I’ve been thinking a lot lately about silences, those patches of misunderstanding, inference and psychic space that bristle between us and the ones we love, the ones we don’t love, the ones we wish we knew how to open our hearts to. Even within my own family it’s occurred to me that there is so very much that we do not–that we cannot–say. I wonder why sometimes, and realize that for most of the silences and their attendant whys, there are no answers, just stasis, just inertia, just fear of getting snapped at, getting hurt, or getting–lawd, no!–informed. If we all better knew one another and our intentions we might love one another less. Or worse yet, we might love one another more.
I cannot talk with my mother about her emotions, about her life before me, about her first husband or the ways in which he let her down. We cannot talk about the things that I love, about how if I didn’t work out and suck up my endorphins, I fear I might be as depressive as my dad. I cannot tell her how much I’m going to miss her when I leave in a few months, and that if I did come back, it would only be for her. I can’t tell her how much I worry about her and how much I love her–because I’ll cry, and then she’ll cry, and then I won’t know why I’m leaving anymore.
I cannot talk with my father about the legacy of hurt between us and all of the years we’ve assumed the worst, the most hateful, of one another. We are two wounded animals of the very same stripe, skittering between huge, shadowy trees and stealing glances of fear, admiration, of a disappointed longing at one another–all of the things to which we’ll never give voice. I cannot tell him how much I still hate him sometimes. I cannot tell him how much I love him and wish I knew how to be his friend, either.
I cannot talk with my grandmother about anything that might affect her heart. I tell her I worry about my mother, about how she works so hard, about how she is the best person I know. To this my grandmother snaps a brittle, “I know. Now don’t make me cry!” rises stiffly from the table with a little laugh meant to diffuse the tension I’ve wrought, and toddles away, sniffling and singing to my cats, pretending that we did not nearly sink together from the surface into the deep.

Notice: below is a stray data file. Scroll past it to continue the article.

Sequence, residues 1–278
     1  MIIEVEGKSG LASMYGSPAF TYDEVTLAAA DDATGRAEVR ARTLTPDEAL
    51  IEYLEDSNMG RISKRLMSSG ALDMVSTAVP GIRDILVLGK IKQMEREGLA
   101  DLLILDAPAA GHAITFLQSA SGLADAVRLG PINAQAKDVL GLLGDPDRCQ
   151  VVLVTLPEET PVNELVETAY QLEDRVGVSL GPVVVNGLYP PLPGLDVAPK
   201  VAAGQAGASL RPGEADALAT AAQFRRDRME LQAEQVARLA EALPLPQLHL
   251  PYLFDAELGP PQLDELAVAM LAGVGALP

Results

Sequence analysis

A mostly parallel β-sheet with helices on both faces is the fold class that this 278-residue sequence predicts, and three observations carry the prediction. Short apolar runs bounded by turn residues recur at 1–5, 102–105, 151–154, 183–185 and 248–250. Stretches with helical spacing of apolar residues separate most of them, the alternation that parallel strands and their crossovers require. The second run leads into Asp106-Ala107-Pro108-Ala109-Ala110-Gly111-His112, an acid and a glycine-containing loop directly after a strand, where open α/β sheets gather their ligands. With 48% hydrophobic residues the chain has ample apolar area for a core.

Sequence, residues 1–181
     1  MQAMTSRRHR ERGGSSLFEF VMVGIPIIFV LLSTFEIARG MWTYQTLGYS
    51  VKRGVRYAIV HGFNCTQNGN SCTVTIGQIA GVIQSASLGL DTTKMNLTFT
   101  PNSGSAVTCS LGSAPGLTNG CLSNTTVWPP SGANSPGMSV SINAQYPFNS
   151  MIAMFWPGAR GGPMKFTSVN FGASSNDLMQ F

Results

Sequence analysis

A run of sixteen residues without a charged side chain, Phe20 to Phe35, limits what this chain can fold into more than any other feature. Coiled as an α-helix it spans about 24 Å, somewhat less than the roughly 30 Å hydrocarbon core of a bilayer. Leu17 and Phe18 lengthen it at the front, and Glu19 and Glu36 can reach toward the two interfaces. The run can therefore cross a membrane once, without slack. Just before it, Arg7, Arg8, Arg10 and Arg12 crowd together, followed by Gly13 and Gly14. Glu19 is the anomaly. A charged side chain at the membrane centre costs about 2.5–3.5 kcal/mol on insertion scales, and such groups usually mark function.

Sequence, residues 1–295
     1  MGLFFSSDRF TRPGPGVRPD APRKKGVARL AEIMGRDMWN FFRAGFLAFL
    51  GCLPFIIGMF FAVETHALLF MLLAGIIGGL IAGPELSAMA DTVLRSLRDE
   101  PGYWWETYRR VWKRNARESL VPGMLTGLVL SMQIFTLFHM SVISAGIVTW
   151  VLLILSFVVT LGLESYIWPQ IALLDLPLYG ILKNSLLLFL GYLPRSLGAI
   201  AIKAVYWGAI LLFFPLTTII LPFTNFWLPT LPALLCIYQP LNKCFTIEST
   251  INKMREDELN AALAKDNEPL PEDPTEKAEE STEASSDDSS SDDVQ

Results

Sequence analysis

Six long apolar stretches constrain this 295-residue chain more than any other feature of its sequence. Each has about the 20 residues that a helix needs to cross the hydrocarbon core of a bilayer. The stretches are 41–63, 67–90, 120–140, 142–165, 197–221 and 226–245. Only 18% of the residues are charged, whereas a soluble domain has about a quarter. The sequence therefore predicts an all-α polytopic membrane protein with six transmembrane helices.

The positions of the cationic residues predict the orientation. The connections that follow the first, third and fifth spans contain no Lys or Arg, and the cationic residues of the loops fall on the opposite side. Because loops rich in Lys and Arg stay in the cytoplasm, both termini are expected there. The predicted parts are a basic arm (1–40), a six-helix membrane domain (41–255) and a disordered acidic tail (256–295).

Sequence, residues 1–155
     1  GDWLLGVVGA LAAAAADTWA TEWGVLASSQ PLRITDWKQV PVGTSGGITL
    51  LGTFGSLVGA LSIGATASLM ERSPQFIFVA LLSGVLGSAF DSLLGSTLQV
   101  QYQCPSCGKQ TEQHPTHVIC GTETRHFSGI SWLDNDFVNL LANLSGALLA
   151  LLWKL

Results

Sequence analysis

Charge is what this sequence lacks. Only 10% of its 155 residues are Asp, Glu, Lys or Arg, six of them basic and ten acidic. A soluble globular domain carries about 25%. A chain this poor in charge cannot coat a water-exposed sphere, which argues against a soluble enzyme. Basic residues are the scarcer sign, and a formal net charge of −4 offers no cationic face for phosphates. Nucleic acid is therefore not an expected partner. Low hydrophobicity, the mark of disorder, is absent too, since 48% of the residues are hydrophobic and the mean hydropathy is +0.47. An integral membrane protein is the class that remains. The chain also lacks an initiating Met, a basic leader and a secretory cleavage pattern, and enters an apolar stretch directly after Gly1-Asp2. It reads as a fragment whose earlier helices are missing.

There are so many things that I cannot say to the people who have made me. It pains me to see the ways in which I have followed their example of emotional confinement, the ways in which I have grown closed off, closed up, distrustful of the worth of my own feelings; it makes me even sadder to know that they have never trusted to the worth of theirs. It may be too late for me and my family to creek open the cupboards that shutter up the things we’d like to feel, but starting today, starting now, I want to walk into the world with my heart flung open and my dreams on my sleeve, regardless of whether or not it might get me hurt or frighten others. I will not be fettered in order to appear strong. I will not be silent in order to avoid ruffling feathers.
I only hope that they understand how much I love them, and that when I say it, I’m meaning it to get all the way inside.